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Punishing your Child - Time for an Abolition of Reasonable Chastisement?

About The Author

Thomas Horton (Former Writer)

Thomas studied Law at the University of Birmingham, and graduated with a 2:1 in July 2013. In the elapsed time, Thomas has worked for law firm HowardKennedyFsi LLP as a paralegal in the property department. Thomas has also been awarded a Major Scholarship by the Honourable Society of the Inner Temple and will begin the BPTC with City Law School in September 2014.

Cruelty to persons under the age of sixteen is prohibited under Section 1 of the Children and Young Persons Act 1933. However, there is an established common law exception that allows for the reasonable chastisement by parents (including a person in locus parentis) to their children. Maggie Atkinson, the Children’s Commissioner for England, has recently promulgated that parents should be banned from smacking their children.

Some legal mapping will be of assistance here. The Government’s explanatory note to Section 58 of the Children Act 2004 (which removes the defence of reasonable chastisement when battery of a child causes actual bodily harm or worse) states that:

‘[I]t has long been recognised by the law that a parent or person with parental authority may use reasonable punishment to correct a child. This is the defence of reasonable chastisement or “reasonable punishment”’.

More succinctly, Archbold Criminal Pleading Evidence and Practice, Chapter 19, paragraph 237 states:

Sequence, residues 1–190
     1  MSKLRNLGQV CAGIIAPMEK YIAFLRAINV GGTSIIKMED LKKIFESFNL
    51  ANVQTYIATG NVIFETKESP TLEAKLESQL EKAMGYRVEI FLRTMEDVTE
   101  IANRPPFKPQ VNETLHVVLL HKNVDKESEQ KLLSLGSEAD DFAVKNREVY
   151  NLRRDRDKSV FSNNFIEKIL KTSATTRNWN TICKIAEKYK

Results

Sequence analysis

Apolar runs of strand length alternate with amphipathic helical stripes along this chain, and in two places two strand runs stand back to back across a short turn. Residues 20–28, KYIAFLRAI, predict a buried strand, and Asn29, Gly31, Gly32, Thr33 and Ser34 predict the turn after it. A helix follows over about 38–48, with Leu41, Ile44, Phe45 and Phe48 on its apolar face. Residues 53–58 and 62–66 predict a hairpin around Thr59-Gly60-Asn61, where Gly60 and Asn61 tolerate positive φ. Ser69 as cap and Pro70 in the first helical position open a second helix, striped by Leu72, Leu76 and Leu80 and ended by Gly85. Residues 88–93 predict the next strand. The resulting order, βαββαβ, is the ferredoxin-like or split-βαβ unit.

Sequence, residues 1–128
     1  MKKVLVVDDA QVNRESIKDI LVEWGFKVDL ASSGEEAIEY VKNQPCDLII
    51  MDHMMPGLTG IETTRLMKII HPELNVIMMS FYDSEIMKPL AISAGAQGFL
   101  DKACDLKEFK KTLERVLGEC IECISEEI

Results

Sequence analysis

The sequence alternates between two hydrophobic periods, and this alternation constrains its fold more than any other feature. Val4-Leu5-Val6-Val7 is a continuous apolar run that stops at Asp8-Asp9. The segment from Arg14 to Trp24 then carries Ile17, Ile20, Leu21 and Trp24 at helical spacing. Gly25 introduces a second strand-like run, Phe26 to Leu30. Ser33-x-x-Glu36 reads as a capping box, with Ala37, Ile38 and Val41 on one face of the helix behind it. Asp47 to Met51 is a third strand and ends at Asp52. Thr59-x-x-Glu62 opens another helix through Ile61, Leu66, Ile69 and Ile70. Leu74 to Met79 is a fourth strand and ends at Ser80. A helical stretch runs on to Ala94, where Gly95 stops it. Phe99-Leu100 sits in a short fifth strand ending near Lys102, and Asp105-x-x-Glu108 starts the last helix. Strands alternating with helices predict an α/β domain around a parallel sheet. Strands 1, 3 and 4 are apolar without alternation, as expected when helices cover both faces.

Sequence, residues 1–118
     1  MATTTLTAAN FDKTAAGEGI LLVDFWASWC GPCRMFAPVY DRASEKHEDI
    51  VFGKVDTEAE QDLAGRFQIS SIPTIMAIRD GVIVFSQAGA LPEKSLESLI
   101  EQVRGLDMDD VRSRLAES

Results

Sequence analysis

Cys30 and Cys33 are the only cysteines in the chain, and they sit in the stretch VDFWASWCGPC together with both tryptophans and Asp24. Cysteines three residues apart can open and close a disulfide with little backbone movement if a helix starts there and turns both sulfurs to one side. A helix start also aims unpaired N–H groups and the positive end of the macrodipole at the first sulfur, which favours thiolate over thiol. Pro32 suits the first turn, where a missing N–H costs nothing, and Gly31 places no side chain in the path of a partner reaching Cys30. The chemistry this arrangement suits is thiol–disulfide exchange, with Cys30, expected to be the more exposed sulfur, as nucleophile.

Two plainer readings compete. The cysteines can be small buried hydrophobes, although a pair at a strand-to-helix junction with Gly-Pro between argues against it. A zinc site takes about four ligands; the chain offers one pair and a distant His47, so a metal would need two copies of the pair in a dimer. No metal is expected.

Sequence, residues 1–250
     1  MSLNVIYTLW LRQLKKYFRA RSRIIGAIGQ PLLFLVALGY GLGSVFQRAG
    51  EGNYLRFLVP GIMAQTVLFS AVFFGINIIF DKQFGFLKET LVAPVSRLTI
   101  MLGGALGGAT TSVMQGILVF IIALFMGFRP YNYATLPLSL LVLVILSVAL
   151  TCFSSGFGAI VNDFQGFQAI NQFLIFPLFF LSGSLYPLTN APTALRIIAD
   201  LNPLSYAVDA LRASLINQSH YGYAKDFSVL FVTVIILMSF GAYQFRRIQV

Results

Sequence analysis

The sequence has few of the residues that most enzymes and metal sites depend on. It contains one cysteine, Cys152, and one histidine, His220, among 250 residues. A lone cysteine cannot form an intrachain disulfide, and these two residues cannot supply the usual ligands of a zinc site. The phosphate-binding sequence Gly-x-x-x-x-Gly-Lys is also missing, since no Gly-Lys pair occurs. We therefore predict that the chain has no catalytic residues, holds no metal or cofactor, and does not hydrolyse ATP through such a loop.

It is a good defence that the alleged battery was merely the correcting of a child by its parents, provided that the correction be moderate in the manner, the instrument and the quantity of it…

The following test, for determining whether the punishment was ‘moderate in the manner’, post-implementation of the Human Rights Act 1998, was accepted by the Court of Appeal in R v H (Assault of a Child: Reasonable Chastisement) [2001] EWCA Crim 1024:

[T]he judge should direct the jury that, when they are considering the reasonableness or otherwise of the chastisement, they must consider the nature and context of the defendant's behaviour, its duration, its physical and mental consequences in relation to the child, the age and personal characteristics of the child and the reasons given by the defendant for administering punishment.

Nick Clegg suggested, somewhat paradoxically, earlier this year that ‘parents who smack or hit their children should not be judged as long as they do not hurt them’. So, when we live in a society where a “mild smack” from one to another would be considered a criminal offence, why is it that children allow for a meander around criminal punishment? The argument for a complete ban immediately stirs an array of emotions, and the aphorism that ‘I was hit, and it never did me any harm’. Yet, as Claire Fraser simply put it (‘Towards the abolition of corporal punishment and a partnership with our children’ (2003) UCL Juris. Rev. 213):

It is morally wrong that children remain the one group in society that can be hit with impunity, and a law that so offends morality cannot be supported.

It appears antithetical that the UK, who have ratified the European Convention on Human Rights, which, under Article 3, prohibits anyone being subject to torture or to inhuman or degrading treatment or punishment, are yet to reform the law to completely prohibit physical punishment of children. Further, Article 19 of the UN Convention on the Rights of the Child, which has been effective in the UK since 1992, states:

States Parties shall take all appropriate legislative, administrative, social and educational measures to protect the child from all forms of physical or mental violence, injury or abuse, neglect or negligent treatment, maltreatment or exploitation, including sexual abuse, while in the care of parent(s), legal guardian(s) or any other person who has the care of the child.